Whatever he does, Josep Guardiola is undoubtedly not indifferent to any football fan. For many, he is the best coach in the world with a clear, defined style. The veteran César Luis Menotti, world champion with Argentina in 1978 - and whom the Catalan and current Manchester City boss visited when he was just beginning this chapter of his life, to receive advice - often says that when "Pep" - as he is also known - enters a dressing room, the players already know what to expect and what style of football their team is going to play.

Others believe that he is a bluff, someone who sells smoke, who sweetens with words, exercises diplomacy, and wraps up the facts in such a way that we believe we are dealing with a "know-it-all" who transforms everything he touches into gold thanks to his knowledge and intellect.

Guardiola has many detractors, although those who sympathise with or identify with him outnumber that number.

However, the elimination of mighty Manchester City on penalties to Real Madrid at the City of Manchester Stadium in the quarter-finals of the UEFA Champions League once again called into question his entire body of work, which, in addition to having generated near-unanimous praise for his teams, has won 37 titles, 26 domestic and 11 international, since 2008 to the present day.

In such result-oriented times as these, his detractors have placed the magnifying glass on a new international disappointment (since 2011, when he coached the great Barcelona of Xavi Hernández, Andrés Iniesta and Lionel Messi among others, considered one of the best teams in history, he has only won one Champions League, in 2023), by citing that despite the more than 400 million euros spent on transfers by Manchester City, his effectiveness is scarce and much more limited to the local leagues where, of course, he establishes differences based on the huge budget of his club, which is also part of the "City Group" conglomerate (even his brother Pere holds a managerial position at Girona in the Spanish league).

Guardiola is an obsessive coach. He is obsessive to the point of exhaustion and leaves no subject unstudied. He has dined more than once during his sabbatical season (2012–13) with his friend Garri Kasparov in New York, together with his two wives, to consult him on general topics relating to genius, concentration, success, and failure, and for years he had Manel Estiarte, considered the Maradona of water polo, as his assistant, who was able to help him understand the mentality of some of the great stars he was able to manage in his career.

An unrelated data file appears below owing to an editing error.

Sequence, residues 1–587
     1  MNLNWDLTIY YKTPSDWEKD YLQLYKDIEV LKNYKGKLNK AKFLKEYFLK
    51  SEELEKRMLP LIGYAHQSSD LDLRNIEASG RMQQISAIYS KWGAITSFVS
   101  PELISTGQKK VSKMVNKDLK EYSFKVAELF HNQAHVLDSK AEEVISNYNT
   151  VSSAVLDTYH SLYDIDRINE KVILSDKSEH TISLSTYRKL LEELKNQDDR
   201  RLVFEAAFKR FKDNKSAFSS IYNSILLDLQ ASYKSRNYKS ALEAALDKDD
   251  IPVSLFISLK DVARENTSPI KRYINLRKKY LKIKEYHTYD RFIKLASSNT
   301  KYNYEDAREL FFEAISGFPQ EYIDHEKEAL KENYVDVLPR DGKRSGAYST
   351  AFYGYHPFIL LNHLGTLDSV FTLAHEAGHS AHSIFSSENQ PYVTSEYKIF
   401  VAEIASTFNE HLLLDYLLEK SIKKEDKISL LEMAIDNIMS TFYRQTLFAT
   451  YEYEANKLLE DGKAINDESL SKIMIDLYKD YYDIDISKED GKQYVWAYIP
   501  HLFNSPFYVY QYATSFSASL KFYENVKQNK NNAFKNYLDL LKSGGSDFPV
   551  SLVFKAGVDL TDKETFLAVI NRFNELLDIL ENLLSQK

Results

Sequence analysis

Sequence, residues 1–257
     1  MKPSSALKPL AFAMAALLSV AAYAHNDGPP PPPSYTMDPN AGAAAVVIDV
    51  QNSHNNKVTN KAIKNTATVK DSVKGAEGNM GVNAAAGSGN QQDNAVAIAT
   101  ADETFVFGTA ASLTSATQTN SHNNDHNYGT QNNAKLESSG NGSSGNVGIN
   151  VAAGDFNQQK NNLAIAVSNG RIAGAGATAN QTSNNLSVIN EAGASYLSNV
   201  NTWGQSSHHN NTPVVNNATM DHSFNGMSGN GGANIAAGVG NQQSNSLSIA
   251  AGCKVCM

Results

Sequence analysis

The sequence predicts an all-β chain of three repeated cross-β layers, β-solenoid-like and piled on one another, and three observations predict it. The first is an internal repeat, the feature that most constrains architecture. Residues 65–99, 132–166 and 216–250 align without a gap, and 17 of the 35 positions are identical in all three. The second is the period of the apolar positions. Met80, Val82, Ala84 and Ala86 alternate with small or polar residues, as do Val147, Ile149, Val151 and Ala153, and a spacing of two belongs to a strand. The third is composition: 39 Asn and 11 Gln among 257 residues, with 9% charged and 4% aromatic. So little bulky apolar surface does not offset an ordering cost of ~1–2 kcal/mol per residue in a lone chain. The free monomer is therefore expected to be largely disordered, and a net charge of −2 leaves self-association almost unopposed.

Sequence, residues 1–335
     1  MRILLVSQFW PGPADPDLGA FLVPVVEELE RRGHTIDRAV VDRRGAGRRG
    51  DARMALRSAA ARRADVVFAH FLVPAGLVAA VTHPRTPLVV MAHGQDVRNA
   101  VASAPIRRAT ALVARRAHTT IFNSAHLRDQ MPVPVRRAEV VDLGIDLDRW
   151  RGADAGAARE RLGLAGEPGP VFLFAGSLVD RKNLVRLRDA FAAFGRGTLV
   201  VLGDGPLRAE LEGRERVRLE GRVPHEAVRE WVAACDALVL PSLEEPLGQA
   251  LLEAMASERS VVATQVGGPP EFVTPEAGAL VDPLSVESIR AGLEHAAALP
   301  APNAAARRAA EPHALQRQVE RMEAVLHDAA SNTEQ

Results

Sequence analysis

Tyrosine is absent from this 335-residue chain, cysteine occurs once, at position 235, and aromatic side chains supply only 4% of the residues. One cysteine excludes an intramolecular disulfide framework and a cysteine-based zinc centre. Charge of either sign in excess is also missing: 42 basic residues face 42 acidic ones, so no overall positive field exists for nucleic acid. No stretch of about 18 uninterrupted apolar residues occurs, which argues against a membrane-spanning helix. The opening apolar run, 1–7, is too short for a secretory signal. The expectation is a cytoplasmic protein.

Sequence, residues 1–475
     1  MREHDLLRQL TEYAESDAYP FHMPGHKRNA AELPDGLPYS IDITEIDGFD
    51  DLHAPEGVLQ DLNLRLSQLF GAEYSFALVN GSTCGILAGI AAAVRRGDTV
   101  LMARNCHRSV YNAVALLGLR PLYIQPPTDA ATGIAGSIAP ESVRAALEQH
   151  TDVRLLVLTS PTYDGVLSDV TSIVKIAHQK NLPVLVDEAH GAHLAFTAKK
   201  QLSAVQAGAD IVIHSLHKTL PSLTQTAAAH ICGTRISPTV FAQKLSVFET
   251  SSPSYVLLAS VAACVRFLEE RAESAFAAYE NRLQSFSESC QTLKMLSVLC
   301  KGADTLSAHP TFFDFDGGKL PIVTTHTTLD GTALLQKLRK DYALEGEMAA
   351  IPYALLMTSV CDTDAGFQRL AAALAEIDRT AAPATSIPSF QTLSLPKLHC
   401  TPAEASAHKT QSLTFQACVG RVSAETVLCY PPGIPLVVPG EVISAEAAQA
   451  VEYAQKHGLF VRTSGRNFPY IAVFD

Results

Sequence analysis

Guardiola knows how to motivate his players in any kind of match; he knows how to motivate his players in any kind of match, he knows how to play the South Americans when facing them in an international tournament, he is obsessed with pressing high and getting the ball back early; and he knows how to choose the best players for each of his roles. He knew La Masia, where Barcelona's great stars are forged from youth, and learned from his teacher and mentor, the late Dutchman Johan Cruyff, that for his small physique, there was no other option than to anticipate moves to avoid the physical friction of opponents.

In other words, you had to be smarter and think faster than your opponent so that you didn't have to collide with them, and therefore, as far as possible, you had to have the next move worked out before receiving the ball. Having the ball, for Guardiola, is everything. That's why, when he doesn't have it, his team becomes desperate to win it back. And although this may seem very offensive, it is not entirely so because it also contains a philosophically defensive fact: if I have the ball, my opponent does not have it and therefore cannot bother me.

Possession of the ball, something that already comes from the so-called "Barça"DNA"—very fashionable these days with the appearance of a book of that name written by one of the great methodologists of La Masia, Paco Seirulo—is fundamental, but it is also fundamental in the way in which it is disposed of. There is an aesthetic criterion behind this idea of management, but here we enter a more slippery slope from something that happened days ago in the match against Real Madrid, but which, in one way or another, has been repeated for several years now in his teams, whether first with Barcelona (2008–12), then with Bayern Munich (2013–2016), and in recent times, with Manchester City (2016 onwards).